Kenya has tightened security in the northeastern city of Mandera, following a bloody attack by members of the Somalia-based al-Shabab group.
Vice-President of Kenya William Ruto tasked all security departments with searching for and hunting the perpetrators of the assault. Ruto has also urged the public to stay alert and cooperate with security forces.
David Kimaiyo, the inspector general of the country’s National Police Service, said on Saturday that security measures have been intensified in the area, adding more policemen will be deployed to the area.
“I want to assure the people and the residents of Mandera that the security will be announced, and the amount of officers will be deployed in the particular area,” David Kimaiyo, head of Kenya’s National Police Service, said on Sunday.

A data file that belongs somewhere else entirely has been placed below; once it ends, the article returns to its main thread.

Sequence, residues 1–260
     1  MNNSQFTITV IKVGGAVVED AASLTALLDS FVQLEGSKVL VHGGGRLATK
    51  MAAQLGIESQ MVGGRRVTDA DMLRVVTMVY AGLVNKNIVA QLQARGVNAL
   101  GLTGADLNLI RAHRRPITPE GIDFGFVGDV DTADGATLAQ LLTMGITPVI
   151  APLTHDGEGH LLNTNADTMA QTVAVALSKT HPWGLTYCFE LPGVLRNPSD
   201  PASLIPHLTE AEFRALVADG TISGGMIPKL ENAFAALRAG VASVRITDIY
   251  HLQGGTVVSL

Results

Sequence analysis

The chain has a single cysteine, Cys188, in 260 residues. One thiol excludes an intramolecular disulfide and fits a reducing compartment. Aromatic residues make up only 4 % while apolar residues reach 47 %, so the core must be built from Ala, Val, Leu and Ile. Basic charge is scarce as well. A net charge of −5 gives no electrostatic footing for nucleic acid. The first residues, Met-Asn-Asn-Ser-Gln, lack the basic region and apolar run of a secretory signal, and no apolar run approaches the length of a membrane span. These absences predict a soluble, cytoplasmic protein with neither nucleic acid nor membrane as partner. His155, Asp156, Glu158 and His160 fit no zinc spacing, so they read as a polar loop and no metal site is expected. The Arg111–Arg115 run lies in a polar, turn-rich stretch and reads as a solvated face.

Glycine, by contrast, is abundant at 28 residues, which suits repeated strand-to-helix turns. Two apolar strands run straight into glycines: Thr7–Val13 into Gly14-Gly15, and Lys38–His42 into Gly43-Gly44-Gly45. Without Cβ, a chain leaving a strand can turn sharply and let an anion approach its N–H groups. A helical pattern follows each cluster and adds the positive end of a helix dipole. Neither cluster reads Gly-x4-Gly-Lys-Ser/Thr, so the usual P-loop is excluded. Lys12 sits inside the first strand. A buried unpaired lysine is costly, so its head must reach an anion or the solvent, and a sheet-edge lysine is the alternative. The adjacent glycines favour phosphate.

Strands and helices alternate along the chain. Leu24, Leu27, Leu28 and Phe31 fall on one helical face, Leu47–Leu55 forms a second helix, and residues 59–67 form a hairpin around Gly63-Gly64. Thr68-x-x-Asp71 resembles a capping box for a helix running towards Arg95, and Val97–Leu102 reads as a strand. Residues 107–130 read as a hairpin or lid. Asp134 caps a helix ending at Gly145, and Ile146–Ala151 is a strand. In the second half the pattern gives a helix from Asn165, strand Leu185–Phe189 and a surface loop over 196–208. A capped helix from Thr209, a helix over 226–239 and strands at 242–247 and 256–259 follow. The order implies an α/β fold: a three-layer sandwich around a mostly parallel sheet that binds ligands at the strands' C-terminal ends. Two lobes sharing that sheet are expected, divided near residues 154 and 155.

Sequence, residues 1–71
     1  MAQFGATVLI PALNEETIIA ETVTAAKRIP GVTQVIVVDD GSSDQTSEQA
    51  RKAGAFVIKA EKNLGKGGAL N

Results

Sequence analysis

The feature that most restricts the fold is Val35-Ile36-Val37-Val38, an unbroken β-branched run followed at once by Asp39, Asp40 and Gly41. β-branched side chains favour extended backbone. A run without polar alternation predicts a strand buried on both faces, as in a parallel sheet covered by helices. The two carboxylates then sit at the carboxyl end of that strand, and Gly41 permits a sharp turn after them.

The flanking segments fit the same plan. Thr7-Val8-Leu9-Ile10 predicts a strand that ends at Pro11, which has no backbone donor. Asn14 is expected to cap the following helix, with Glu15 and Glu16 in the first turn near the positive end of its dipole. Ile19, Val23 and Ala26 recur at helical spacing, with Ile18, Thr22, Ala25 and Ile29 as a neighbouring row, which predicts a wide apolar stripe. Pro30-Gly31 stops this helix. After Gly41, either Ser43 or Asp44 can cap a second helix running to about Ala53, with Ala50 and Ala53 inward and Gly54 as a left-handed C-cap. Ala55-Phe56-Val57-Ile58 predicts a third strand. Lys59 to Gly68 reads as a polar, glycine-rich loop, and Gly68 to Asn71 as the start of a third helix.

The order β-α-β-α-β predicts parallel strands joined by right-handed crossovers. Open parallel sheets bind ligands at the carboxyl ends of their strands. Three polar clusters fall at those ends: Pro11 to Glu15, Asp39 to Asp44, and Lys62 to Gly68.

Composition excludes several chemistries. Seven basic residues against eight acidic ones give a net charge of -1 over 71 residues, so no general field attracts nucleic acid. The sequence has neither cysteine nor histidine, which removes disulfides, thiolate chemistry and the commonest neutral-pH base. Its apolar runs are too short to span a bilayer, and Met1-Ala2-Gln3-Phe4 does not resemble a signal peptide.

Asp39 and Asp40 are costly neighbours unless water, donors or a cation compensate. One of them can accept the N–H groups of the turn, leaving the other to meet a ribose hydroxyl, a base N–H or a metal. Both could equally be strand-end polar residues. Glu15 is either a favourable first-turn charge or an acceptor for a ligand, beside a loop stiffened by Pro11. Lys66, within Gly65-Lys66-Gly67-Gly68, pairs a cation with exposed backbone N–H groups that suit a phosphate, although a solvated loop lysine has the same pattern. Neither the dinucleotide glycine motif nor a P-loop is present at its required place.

Suspected members of al-Shabab executed 28 people in an ambush on a bus in the northeastern Kenyan city on Saturday.
Speaking on condition of anonymity, two police officers said that the bus, which was traveling to the Kenyan capital, Nairobi, with 60 passengers on board, was hijacked on Saturday some 50 kilometers (31 miles) from the town of Mandera near the Somali border.
Kenya currently has over 3,000 soldiers stationed in southern Somalia, where they have been battling al-Shabab. The country sent troops into Somalia in late 2011, after al-Shabab carried out a series of raids inside Kenya.
The African Union Mission in Somalia has pushed al-Shabab out of the Somali capital, Mogadishu, and other major cities. The mission is made up of troops from Ethiopia, Uganda, Burundi, Djibouti, Sierra Leone and Kenya.